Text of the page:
As a result of the natural, homeopathic approach, there is a great disparity between Eastern Martial Art and Russian Martial Art in more than just operational strategy; there are differences in pedagogy and training methodics..
In order to return to the state of non-violence, plasticity, cooperation and non-resistance, the training process is more important than the product. In training, the Russian Martial Artist fights without the aim to “win”. This is a concept misunderstood by both practitioners of the Art of War and the Art of Peace alike. “It is the fight for movement’s sake.” Strategy teaches to align with force, decompose the force, prolongate the application and trajectory of force, and redirect the force. Years of uncoordination and stress is unlearned through the rigorous bio-mechanical exercises of Russian Martial Art. There is no stress or conflict management in Russian Martial Art, nor stress or conflict reduction, but conflict and stress elimination.
A heavy concentration is placed upon learning the principles of survival: the nature and climate of conflict, the doctrine and strategies of survival. Mindfulness is emphasized instead of mindlessness of the Eastern martial tradition (‘mushin’). Mindlessness is necessary in forms of martial art that are limited to specific abrasive diagrams of behavior and movement. Mindfulness is available only to the philosophy that accepts no limitations in behavior.
Due to an early understanding of the principles of survival, the Russian Martial Art student gains an early autonomy and independence from the instructor. The student, from the first day of training, exponentially increases in skill and mental state, for Russian Marital Art is not about Information, but Transformation. Practitioners of the Art of War and Peace react violently to hearing this fact. All of the training in the Art of War and Peace is founded upon practice of specific limited “tricks”, or rather on the monitored paranoia and slow-release of information.
The culture of the Totalitarian Agriculturists is based upon the concept of ‘work’. Created by this culture, this concept states that the harder and longer one struggles, the more noble the person becomes, and more wise and enlightened and happy. The notion of ‘work’ is not advocated in this form of martial art. Natural activity is endorsed, which is our biological heritage. Russian Martial Art does not require the pharmaceutical accuracy of decades of long, grueling “work” because the student does not learn limited tricks, but concepts and bio-mechanics (how to become fully human again). The student is not taught some artificial creation, the student is reminded of the natural motions and natural happiness of children. This level of happiness is held in contempt by the culture of ‘work’. Observation of, or participation in, Russian Martial Art conveys that the training is extremely grueling. However, the curiosity for members of the Art of War and Peace is that Russian Martial Art participants are continually, inexhaustibly laughing, smiling during training: during activity others would perceive as arduous ‘work’.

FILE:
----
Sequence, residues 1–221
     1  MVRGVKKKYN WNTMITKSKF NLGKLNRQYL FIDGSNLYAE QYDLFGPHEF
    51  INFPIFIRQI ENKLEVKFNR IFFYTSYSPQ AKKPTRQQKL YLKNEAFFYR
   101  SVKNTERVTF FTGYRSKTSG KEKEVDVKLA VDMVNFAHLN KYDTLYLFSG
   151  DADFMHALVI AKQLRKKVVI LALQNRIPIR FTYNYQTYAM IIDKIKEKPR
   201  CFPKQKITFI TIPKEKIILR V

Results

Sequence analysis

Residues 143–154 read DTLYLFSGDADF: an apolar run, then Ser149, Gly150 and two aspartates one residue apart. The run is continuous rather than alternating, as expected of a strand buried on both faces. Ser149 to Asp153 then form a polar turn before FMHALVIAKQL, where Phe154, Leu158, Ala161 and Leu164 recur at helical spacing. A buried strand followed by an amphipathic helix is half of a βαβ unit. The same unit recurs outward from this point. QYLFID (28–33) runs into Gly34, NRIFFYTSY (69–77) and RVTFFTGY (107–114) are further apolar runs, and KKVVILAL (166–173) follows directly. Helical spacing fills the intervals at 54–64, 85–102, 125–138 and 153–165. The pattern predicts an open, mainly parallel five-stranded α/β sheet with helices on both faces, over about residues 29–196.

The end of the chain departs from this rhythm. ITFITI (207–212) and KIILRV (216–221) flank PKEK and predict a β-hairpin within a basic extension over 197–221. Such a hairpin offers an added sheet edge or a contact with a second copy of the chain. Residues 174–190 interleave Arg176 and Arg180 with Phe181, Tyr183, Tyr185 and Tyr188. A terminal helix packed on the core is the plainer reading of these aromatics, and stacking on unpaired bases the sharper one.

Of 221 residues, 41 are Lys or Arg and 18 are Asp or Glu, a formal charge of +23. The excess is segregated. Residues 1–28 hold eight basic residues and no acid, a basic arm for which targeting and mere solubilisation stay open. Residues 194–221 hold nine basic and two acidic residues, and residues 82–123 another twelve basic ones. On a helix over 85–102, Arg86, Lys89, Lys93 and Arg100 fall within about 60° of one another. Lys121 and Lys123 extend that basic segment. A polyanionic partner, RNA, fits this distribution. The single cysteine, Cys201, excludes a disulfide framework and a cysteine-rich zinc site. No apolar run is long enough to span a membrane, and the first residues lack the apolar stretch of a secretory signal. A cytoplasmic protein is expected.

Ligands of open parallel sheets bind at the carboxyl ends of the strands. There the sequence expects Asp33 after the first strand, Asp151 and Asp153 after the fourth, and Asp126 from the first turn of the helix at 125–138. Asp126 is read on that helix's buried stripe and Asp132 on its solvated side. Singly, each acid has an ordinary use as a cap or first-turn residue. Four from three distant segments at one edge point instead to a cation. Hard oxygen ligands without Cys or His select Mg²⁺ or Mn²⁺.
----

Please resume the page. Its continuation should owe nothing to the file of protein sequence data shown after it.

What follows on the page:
The most violent reaction of the practitioners of the Art of War and Peace comes when they hear that the goal of the Russian Martial Art teacher is to share with the student how to teach themselves. Every student is an instructor. Every student is a master of their movement (our biological heritage), because it is chosen to be that way. Authority and mastery is not deferred to some external figure. Martial art is not something external to be sought (and ‘worked’), nor a curriculum to be learned, nor secret tricks to be discovered, nor massive brawn to be gained. Martial art is within each creature, natural in some, completely Forgotten in the human culture of ad baculum.
Benefits of Russian Martial Art
This ancient form of Martial Art is the Art of Survival. Students recapture natural athletic and learning capabilities, which the Totalitarian Agriculturists, the ad baculum attritionists, the seekers of power over others, name them whatever, believe to be limited to only the ‘virile youth’ who have not yet been introduced to the “real world”, the world of ‘responsibility’, the world of ‘duty and guilt’, the world of ‘work’. Mental barriers learned over the course of a lifetime are broken down by de-conditioning the mind to impossibility, by liberating the student from the oscillating paradigm of aggressive/passive behavior, by confronting culturally-imposed fears, by refining the natural awareness of the hunter-warrior, and by eliminating the culturally-imposed barriers to happiness, ease, grace, compassion, wisdom and harmony. The results of this training are incalculable, though marked by increased stamina, improved breathing capability, enhanced athletic ability, the elimination of societally-induced stress, the permission to be the authority over ones own mind, the permission to question and to doubt, and the development of a spiritual firmness and strong physical presence that is the birthright of all human beings. Every human is capable of returning to the Law of Nature, Russian Martial Art, the Art of Survival, is one path.